Mainland mothers need access to safe food at home
Kelly Yang says the mainland needs to regain the trust of mothers and that means ensuring the food they buy at home is safe to eat
I'm a new mum. Or, rather, an old mum. Two weeks ago, I gave birth to my third child. This time around, I knew exactly what to expect in the hospital - the sleepless nights, the endless beeping of machines and, most importantly, exactly when I can expect to go to the bathroom again. I was a veteran.
Still, there's always something fascinating and unexpected about hospitals. They are great incubators for stories.
In my ward, I met a young woman from Beijing who had come to deliver her first child, a boy. Before anybody gets mad, her husband is a Hong Kong resident. She also had the most undying determination to breastfeed of anyone I have met.
She nursed her son from the minute he was born, and even after her sore breasts began to bleed. It got to the point when, every time she brought him to her chest, her entire body winced in pain.
When I remarked on her admirable tenacity, she shook her head and said: "It's not tenacity, it's necessity." She said she needs to breastfeed because she's going back to Beijing soon and, there, no formula is safe. She admitted to having squirrelled away a few tins of imported milk powder when she found out she was pregnant - enough for an emergency, she said, but not enough for daily use. As I watched her squeeze out tiny drops of blood-tinged milk, I realised just how personal our city's restriction on milk powder sales is to her.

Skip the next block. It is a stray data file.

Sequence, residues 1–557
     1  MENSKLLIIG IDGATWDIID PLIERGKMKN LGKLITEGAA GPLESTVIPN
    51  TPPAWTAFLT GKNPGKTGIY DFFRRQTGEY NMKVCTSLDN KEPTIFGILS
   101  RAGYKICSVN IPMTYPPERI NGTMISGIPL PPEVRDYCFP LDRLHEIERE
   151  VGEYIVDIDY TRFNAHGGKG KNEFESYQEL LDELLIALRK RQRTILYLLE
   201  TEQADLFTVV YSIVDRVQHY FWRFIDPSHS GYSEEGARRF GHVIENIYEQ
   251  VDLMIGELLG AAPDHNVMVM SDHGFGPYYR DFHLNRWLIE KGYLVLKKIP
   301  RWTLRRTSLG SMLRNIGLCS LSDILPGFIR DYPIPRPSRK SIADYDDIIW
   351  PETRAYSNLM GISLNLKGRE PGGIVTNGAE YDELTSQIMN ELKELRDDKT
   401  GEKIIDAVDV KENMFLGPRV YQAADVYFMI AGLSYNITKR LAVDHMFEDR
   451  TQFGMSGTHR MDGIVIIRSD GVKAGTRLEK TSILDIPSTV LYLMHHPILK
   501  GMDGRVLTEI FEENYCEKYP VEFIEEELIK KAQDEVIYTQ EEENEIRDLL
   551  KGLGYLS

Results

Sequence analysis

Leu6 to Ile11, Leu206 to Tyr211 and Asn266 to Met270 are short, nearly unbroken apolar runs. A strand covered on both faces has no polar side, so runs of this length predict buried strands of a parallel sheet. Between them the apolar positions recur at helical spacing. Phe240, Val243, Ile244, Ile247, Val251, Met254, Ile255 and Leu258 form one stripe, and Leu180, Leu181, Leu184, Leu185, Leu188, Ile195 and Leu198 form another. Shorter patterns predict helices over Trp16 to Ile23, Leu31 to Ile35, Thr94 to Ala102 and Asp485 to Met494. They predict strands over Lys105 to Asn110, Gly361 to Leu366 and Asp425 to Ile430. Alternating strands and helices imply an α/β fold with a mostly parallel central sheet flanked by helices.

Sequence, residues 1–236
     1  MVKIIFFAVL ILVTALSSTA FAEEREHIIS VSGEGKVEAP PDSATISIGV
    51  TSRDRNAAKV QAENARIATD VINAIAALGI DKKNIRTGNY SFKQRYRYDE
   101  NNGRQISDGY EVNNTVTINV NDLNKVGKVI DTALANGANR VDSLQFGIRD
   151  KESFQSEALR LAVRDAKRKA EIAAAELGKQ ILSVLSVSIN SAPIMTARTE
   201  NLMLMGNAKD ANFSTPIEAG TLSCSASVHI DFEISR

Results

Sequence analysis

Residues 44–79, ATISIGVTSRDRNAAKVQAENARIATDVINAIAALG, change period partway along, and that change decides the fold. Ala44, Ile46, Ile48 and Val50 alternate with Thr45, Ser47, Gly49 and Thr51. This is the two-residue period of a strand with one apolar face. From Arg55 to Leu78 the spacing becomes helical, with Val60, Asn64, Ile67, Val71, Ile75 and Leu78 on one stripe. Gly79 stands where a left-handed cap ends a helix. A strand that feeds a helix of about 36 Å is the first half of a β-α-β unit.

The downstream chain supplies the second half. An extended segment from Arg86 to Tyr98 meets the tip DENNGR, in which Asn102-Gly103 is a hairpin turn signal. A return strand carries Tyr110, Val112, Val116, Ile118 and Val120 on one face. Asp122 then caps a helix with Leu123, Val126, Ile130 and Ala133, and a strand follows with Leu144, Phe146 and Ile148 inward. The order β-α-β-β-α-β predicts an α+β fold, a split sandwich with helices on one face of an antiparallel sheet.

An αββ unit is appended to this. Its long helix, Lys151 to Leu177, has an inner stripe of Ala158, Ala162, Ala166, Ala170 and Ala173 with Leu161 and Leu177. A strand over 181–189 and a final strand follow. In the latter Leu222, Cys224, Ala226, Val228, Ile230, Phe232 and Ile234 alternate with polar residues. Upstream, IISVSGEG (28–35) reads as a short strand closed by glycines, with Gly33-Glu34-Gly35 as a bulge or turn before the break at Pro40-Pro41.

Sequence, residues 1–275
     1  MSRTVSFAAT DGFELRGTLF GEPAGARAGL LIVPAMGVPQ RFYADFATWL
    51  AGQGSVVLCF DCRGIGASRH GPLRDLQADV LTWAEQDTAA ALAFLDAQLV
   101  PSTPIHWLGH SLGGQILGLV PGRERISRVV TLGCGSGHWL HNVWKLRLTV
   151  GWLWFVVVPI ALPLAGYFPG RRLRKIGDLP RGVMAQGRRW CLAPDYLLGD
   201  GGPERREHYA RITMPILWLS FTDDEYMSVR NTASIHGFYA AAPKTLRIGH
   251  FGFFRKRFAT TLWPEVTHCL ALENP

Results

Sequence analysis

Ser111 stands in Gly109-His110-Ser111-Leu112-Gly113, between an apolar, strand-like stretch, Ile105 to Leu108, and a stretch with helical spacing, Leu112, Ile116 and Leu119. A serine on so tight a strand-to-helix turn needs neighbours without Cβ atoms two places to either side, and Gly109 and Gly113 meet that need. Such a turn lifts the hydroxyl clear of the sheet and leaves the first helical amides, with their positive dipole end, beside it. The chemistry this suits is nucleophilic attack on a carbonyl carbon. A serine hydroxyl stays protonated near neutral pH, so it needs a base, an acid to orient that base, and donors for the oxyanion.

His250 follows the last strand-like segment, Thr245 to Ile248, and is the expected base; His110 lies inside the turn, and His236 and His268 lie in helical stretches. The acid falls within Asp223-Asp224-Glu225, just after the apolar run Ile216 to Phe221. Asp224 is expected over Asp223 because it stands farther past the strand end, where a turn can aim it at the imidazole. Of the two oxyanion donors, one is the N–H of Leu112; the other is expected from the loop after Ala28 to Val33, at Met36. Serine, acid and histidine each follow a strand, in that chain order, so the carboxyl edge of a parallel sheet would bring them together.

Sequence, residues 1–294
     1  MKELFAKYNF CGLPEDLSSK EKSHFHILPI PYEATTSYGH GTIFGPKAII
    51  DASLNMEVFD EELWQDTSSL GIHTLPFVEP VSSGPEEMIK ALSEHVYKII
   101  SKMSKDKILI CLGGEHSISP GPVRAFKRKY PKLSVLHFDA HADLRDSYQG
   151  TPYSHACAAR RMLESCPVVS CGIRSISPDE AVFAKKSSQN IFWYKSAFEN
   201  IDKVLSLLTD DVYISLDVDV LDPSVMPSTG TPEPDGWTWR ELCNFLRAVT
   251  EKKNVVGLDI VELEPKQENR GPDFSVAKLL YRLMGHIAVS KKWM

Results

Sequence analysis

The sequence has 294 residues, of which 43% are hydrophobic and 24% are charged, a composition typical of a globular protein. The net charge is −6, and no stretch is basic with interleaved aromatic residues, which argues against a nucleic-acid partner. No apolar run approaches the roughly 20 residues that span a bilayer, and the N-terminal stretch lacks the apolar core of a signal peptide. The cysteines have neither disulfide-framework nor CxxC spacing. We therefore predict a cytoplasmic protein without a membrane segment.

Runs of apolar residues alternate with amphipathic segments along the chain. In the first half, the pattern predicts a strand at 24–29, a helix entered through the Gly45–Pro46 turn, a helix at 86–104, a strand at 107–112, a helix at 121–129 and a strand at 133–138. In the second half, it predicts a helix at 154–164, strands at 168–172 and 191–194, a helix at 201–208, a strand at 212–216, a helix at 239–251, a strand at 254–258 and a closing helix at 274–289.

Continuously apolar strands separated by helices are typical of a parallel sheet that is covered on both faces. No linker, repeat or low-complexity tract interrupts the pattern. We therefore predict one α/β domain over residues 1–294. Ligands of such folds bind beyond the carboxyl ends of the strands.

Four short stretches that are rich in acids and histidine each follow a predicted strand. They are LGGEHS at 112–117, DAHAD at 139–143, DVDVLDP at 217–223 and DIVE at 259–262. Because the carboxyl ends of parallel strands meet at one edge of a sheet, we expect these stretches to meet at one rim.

Despite her efforts, the small amount of breast milk she was producing was not enough to feed her son, whose weight was dropping. At her doctor's urging, she finally turned to formula. Yet she didn't give up. When the nurses showed her how to use a breast pump, her eyes lit up. Tears streamed down her face as she expressed her first ounce of milk.
Could that be it? Provide each new mainland mother with a breast pump - could the answer to our milk powder dilemma, and China's formula problem, be as simple as that?
Yes and no. Breast milk is without a doubt the best milk a baby can receive in its first year. Interestingly, according to the China Daily, one of the "better side effects" of the mainland's melamine formula scandal is that more mothers are opting to breastfeed their babies. Working mothers there also have more time to get accustomed to breastfeeding. Compared to Hong Kong, maternity leave on the mainland is longer, at least 14 weeks versus our 10.
However, breast milk is only as good as the food the mother eats. With cardboard-stuffed dumplings, toxic chicken and gutter oil prevalent on the mainland, one wonders how good a mother's milk can be, living there. When I pointed this out to the young woman from Beijing, her face fell for a second. Then, she shrugged and said, "Well, you can't win them all, can you?"
When it comes to food and safety, the answer needs to be "yes - we can win them all". It's the only way China is ever going to move forward. It's also the only way its citizens are ever going to stay put - have babies, buy formula and raise families - all in China.
Kelly Yang is the founder of The Kelly Yang Project, an after-school programme for children in Hong Kong. She is a graduate of the University of California, Berkeley, and Harvard Law School. firstname.lastname@example.org